Many of us were taught to be somewhat stoic in dealing with problems and tragedy. “A stiff upper lip, get over it or I can’t believe you are still dwelling on it” are some of the words tossed at us.

And over time these sorts of “rules to live by” make it difficult to be real. It is as though we are layering ourselves with a closetful of parkas to protect ourselves from the cold judgment of others and ourselves.

It becomes challenging to show and display what we really feel and think of ourselves; our weaknesses and strengths, because the real “you” may be under all those layers of this deep woolly coat. We hide the weak; show the strength, but maintain a façade of humility, so as not to make anyone think our ego is too large.

As we pretend to be okay, we sink further into feeling separate, alone and threatened.

The trance of fear arises from feeling emotionally cut off in relationships. We continue to feel fundamentally insecure until we begin to experience with others some of the love and understanding we needed as children.

The first step in finding a basic sense of safety is to discover our connectedness with others.  When we begin to trust the reality of another person caring, supporting us and feeling we deserve to belong, the stranglehold of fear loosens its grip.

How many relationships do you have with others where you feel emotionally connected? Where you can be yourself and are allowed the space to unveil your insecurities instead of hide or run from them?

Oftentimes when we are afraid in a relationship, we do things that we are completely unaware of in terms of how we make our partner feel.  We may be emotionally unavailable and not aware, because fear has us in a trance.

As an example, let’s say you and your husband always love spending time talking together at the end of the day. Now your husband turns on the television and when you try to interrupt him, he says, “Please, I just need to wind down…can you just let me be right now.” And you hear that resonate in your head and run off to your bedroom and cry. You are upset and feel your whole relationship is over or in serious trouble.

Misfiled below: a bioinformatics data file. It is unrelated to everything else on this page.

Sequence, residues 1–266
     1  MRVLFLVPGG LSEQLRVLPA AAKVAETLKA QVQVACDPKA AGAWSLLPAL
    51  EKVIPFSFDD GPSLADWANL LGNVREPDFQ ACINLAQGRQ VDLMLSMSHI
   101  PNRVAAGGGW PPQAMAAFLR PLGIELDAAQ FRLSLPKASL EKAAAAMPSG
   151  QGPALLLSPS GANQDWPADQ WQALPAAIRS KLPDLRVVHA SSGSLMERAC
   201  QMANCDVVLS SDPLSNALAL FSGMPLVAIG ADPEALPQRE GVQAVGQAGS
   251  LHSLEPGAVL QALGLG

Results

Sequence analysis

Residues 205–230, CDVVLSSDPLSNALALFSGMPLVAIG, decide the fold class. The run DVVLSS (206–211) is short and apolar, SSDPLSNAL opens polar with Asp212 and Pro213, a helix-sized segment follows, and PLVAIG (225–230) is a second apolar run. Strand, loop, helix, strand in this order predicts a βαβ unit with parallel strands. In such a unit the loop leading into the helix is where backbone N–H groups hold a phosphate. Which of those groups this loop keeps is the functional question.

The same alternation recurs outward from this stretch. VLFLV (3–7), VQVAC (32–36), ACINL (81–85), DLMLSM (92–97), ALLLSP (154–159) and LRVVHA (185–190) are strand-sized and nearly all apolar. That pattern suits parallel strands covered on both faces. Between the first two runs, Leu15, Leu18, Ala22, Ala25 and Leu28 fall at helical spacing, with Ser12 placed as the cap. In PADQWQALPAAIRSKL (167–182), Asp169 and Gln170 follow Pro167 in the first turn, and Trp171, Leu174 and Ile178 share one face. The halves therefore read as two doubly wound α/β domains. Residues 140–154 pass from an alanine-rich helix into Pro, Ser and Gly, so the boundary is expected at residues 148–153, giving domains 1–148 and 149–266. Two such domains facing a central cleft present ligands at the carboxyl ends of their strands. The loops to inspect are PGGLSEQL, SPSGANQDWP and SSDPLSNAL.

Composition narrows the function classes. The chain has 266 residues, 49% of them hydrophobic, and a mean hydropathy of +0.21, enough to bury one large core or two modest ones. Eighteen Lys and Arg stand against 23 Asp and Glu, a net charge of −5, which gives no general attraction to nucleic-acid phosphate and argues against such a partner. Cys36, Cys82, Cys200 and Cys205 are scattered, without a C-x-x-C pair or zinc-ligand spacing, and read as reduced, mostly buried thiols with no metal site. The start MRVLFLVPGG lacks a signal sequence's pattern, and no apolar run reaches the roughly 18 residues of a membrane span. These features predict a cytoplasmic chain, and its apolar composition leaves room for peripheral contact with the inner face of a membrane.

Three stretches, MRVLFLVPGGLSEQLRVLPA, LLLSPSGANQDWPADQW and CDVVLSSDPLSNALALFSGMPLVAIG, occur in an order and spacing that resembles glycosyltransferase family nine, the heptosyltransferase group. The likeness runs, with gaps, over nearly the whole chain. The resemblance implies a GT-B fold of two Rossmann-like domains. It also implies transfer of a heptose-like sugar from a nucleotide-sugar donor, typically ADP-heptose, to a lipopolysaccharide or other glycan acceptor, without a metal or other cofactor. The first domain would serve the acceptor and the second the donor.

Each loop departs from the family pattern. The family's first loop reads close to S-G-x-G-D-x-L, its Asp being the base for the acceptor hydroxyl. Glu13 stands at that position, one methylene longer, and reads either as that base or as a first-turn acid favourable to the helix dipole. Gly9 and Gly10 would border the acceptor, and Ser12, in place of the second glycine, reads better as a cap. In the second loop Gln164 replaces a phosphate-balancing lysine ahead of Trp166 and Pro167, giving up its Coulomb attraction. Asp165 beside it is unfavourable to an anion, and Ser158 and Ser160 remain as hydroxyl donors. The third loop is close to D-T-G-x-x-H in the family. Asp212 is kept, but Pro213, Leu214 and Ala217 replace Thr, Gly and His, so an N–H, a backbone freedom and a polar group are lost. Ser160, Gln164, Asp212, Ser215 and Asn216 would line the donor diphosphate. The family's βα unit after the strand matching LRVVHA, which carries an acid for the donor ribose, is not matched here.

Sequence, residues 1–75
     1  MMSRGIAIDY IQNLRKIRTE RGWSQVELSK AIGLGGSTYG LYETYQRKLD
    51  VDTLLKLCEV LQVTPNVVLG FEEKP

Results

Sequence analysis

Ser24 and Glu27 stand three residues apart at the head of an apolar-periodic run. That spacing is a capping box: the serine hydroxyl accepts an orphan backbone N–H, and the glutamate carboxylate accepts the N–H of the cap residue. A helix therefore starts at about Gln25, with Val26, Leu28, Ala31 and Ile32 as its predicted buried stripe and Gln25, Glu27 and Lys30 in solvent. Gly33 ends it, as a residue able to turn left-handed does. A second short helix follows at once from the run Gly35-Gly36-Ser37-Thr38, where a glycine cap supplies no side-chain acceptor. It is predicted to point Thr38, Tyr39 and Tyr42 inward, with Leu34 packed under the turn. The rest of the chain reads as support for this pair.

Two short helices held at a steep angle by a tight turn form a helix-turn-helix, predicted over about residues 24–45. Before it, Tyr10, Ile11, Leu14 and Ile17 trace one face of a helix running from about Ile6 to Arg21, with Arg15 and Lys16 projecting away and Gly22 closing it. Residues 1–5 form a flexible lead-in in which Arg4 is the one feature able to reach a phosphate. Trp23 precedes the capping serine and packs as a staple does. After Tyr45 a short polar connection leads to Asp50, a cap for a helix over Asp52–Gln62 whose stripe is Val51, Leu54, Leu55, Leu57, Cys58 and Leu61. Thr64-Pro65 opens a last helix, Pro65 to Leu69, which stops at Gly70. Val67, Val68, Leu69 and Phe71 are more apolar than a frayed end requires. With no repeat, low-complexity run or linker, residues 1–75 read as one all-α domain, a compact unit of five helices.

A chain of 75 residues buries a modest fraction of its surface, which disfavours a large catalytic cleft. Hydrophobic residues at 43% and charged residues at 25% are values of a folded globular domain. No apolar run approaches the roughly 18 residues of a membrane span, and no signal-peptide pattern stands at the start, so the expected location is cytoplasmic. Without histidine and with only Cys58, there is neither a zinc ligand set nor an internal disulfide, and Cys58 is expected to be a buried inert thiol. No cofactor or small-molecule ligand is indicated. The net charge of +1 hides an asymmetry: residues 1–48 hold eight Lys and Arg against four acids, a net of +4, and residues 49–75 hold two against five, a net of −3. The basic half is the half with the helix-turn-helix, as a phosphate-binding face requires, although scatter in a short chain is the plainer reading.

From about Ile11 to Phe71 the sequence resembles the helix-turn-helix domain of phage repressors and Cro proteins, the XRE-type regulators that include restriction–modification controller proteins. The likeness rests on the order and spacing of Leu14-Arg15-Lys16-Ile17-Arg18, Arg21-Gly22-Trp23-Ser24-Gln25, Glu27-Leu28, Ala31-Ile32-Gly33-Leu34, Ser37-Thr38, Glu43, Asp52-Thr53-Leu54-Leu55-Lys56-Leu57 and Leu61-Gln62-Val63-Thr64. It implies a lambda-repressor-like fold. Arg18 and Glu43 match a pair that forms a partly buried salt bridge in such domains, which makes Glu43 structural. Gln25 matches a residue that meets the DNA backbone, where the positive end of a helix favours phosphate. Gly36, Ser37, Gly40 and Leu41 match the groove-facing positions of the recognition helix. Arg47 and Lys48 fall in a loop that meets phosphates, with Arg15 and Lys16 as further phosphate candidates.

He follows after you to see what he “did this time” to have you run off in this way.

Overreaction? Yes.

All you know is that you feel abandoned and you have no idea why you are in a trance of fear. Try to sit with the feeling you have in the middle of your reaction and see what it tells you. You may remember something like your dad coming home from work each day and turning on the television. And when you wanted to share news with him about you and your accomplishments or problems; he told you “not now” or “can’t you see I’m watching tv” or maybe he got really angry and found your interrupting him to be a major offense.

Unfortunately, you had no recollection of this earlier moment when your husband responded to you as to his being preoccupied. And when you become aware of these sorts of “past interludes”, you can make a different decision in the present moment to deal with your insecurity. You are then at choice to take different action.

You could explain to your husband the cause of your reaction and open up communication for further conversation. This creates emotional “availability”, connection and takes fear out of the driver’s seat, literally.

Connection in a love relationship means opening up yourself to not being alone in any sense of the word. It is building a foundation of love and understanding, which is safe, where you can share fears that are buried under the layers of your parka.

We don’t have to choose to be alone, ever.

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